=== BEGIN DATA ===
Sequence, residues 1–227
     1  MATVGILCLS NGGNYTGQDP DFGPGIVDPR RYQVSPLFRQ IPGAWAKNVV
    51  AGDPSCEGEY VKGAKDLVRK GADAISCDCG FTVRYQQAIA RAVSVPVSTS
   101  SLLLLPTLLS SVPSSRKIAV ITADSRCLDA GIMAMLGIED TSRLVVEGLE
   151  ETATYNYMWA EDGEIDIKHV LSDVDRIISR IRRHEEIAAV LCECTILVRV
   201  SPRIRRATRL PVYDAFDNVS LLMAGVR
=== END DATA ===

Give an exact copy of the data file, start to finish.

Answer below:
Sequence, residues 1–227
     1  MATVGILCLS NGGNYTGQDP DFGPGIVDPR RYQVSPLFRQ IPGAWAKNVV
    51  AGDPSCEGEY VKGAKDLVRK GADAISCDCG FTVRYQQAIA RAVSVPVSTS
   101  SLLLLPTLLS SVPSSRKIAV ITADSRCLDA GIMAMLGIED TSRLVVEGLE
   151  ETATYNYMWA EDGEIDIKHV LSDVDRIISR IRRHEEIAAV LCECTILVRV
   201  SPRIRRATRL PVYDAFDNVS LLMAGVR